FileLocker will lock the file for the duration of its execution. The locking will end when the program terminates, either when the specified time is up, or if the program is killed.

Usage:

FileLocker [/T LockTime] [/I] [/K] [/Q] file [file...]

/T LockTime     Time in milliseconds to lock the file
/I  Infinite locking until process is killed (default)
/K  Lock file until key is pressed
/Q  Be quiet.

Both the binary and the source of FileLocker are available on the website.

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    Will this reset after a restart? – TheKB Jun 6 '16 at 18:30
  • I don't think FileLocker is designed to provide security. It is a file locking tool for developers to test if they are correctly handling concurrency. – Jedi Jun 6 '16 at 18:33
  • @TheKB: Yes - one has to launch it for it to open the file in exclusive mode. It will not launch by itself. – harrymc Jun 6 '16 at 18:41
  • @Jedi: Yes, but it may suit the poster's needs. – harrymc Jun 6 '16 at 18:42
  • @harrymc You should probably put that information in the answer, just for completeness' sake. – TheKB Jun 6 '16 at 19:27
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The other answers focus on file protection through a password. The challenge is removing this protection after a set amount of time (much trickier). A possible solution:

  1. Create a program that encrypts a file (use whatever you want but I think using the cryptography python package is easiest)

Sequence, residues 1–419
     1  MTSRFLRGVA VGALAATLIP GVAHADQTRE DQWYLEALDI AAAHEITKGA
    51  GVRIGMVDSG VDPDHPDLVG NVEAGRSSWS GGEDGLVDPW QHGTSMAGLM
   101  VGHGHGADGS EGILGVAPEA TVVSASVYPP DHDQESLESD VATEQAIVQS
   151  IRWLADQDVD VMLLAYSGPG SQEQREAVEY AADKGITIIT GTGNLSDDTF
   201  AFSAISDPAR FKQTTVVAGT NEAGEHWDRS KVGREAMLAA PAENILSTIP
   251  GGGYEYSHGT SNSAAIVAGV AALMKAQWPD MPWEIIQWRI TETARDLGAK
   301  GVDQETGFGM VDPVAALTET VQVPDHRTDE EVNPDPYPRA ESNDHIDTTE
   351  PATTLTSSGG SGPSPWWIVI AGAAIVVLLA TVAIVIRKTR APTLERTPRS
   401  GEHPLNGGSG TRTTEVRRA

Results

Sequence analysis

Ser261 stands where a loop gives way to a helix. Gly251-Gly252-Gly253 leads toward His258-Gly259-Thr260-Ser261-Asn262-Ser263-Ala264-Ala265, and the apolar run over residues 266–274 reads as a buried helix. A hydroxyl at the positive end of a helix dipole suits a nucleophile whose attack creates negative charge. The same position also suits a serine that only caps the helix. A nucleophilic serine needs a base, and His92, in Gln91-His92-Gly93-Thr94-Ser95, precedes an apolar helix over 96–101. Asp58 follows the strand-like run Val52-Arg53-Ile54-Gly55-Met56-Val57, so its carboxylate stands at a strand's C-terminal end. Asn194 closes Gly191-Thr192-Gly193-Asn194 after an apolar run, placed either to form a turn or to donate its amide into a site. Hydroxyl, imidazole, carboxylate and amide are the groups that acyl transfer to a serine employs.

2. Use this website to generate a secure password (if you do not have another option) and encrypt your file.
  3. Store the password in a file in a USB and send it to your self (snail mail). Wipe any local data on your computer if you saved the password previously in the file.
  4. Decrypt file.

While this is not fastest solution it could be the most secure. Unlike sending your self an email (or other methods) a local copy of your password is not kept on your system or a sever. In addition trust in a third party is not necessarily needed. If you are paranoid you can encrypt the whole USB volume and keep the second password stored. Anyone trying to intercept the USB will not be able to discover your password.

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  • This severely limits the time window I can set (to ordinary delivery times), requires postage and honest carriers. Very impractical and I would never do it, but I guess it does in a way provide an option. Thanks for the effort. – Flotsam N. Jetsam Jun 7 '16 at 2:25
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Overview


I have created 2 batch files that automate this using Task Scheduler and aescrypt. The two batch files are called WUHelper.bat and WUTask.bat which fools the average user into thinking that they are involved in Windows Update.
WUHelper.bat